Saturday, 23 July 2011

Who was Dionysius? A lost comment of Kristor


Ace Christian Right blog-commenter Kristor has re-sent me a remark/ mini-essay intended for:

but lost somehow. So, belatedly, here 'tis...


Re the Areopagite, I have always reacted to such questions by remembering Schliemann’s discovery of Troy. All the experts had been saying for a few centuries that Troy was just a myth. Schliemann – not a scholar, but a businessman – just went out and found it.

And this keeps happening with stuff in the Bible that, we had all been assured for decades, was merely mythical. The Latest Findings in the last decade or so have often and often overturned the conventional, consensus opinion that the traditions are myths. This is happening right now in respect to Noah’s Flood, with Titanic discoverer Robert Ballard’s research into the intact villages at the bottom of the Black Sea, which apparently flooded quite suddenly at the end of the last Ice Age, triggering a great diaspora of the agricultural people who had settled there.

Again and again, these myths are shown to have something real at the back of them. Same thing happens over and over again with old wives’ tales and stupid superstitious witch doctor therapies like aspirin.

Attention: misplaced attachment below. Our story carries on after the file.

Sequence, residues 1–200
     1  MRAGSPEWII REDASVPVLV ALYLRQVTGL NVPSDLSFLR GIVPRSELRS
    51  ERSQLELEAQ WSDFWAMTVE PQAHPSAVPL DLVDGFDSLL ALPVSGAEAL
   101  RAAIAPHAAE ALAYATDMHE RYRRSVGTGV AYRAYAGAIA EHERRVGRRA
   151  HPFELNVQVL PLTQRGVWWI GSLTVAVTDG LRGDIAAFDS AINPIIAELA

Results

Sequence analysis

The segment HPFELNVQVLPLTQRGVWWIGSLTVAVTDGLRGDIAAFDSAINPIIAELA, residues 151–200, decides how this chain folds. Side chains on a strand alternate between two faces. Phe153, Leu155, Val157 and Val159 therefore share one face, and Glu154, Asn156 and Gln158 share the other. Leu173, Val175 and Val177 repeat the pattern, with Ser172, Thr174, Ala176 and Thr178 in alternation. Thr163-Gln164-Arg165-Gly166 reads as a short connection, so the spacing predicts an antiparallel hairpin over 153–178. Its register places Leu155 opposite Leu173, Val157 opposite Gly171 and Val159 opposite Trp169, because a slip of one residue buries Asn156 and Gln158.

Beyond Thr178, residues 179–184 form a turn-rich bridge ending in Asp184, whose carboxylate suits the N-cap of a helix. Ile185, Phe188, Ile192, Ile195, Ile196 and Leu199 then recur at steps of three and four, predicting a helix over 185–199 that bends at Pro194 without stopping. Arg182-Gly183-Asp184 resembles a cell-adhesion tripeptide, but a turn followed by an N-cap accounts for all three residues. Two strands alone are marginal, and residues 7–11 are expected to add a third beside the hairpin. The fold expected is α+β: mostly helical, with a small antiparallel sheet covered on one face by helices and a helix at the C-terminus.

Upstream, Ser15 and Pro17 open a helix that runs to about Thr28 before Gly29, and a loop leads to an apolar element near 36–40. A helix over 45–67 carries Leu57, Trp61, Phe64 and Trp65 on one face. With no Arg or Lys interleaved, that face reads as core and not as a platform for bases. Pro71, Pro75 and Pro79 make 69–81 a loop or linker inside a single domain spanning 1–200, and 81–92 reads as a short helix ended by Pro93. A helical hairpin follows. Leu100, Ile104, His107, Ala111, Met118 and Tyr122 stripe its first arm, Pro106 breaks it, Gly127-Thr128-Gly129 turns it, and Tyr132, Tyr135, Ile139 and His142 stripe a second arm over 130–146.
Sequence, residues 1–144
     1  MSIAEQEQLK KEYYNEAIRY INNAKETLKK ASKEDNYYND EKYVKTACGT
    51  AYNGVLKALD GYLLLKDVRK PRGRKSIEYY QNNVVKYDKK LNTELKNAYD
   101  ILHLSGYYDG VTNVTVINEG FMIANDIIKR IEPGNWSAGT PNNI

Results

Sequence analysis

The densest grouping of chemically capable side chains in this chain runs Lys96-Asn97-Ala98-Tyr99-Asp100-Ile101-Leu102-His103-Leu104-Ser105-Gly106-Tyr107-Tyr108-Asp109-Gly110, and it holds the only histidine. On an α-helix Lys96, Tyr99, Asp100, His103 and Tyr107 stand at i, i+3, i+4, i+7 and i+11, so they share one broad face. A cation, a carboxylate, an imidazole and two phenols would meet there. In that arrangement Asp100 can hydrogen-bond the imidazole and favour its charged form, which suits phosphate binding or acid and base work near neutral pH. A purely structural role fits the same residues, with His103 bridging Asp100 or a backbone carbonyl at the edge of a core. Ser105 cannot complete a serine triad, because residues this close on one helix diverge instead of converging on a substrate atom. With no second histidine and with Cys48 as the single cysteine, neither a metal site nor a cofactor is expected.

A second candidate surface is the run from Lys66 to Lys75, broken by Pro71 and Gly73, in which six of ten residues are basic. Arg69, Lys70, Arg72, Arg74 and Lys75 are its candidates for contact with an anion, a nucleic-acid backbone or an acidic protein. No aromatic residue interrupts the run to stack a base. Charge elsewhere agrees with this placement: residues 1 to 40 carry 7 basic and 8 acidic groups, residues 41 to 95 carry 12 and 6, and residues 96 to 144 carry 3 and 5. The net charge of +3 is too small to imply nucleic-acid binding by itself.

The way I figure it, the tradition that Dionysius met Paul at Mars Hill got started – no matter when it did get its start – among men who were a lot closer to St. Paul and the Areopagus than any of the scholars who have debunked Dionysius. Ditto for, e.g., the boy Jesus’ sojourn in Britain with his uncle of Arimathea, or, say, the Church of the Holy Sepulchre.

Empress Helena was in a much better position than any later scholar: she could quiz much better informed scholars with much better libraries of texts from the Patristic and Apostolic eras, and for that matter she could interview folks whose families had lived in the neighbourhood for 500 years and just knew where the tomb was.

It is nuts to think we have access to more, or better, texts than did Helena and her consultants; and it is doubly nuts to suppose ourselves more careful, or rational, or educated, or knowledgeable than they.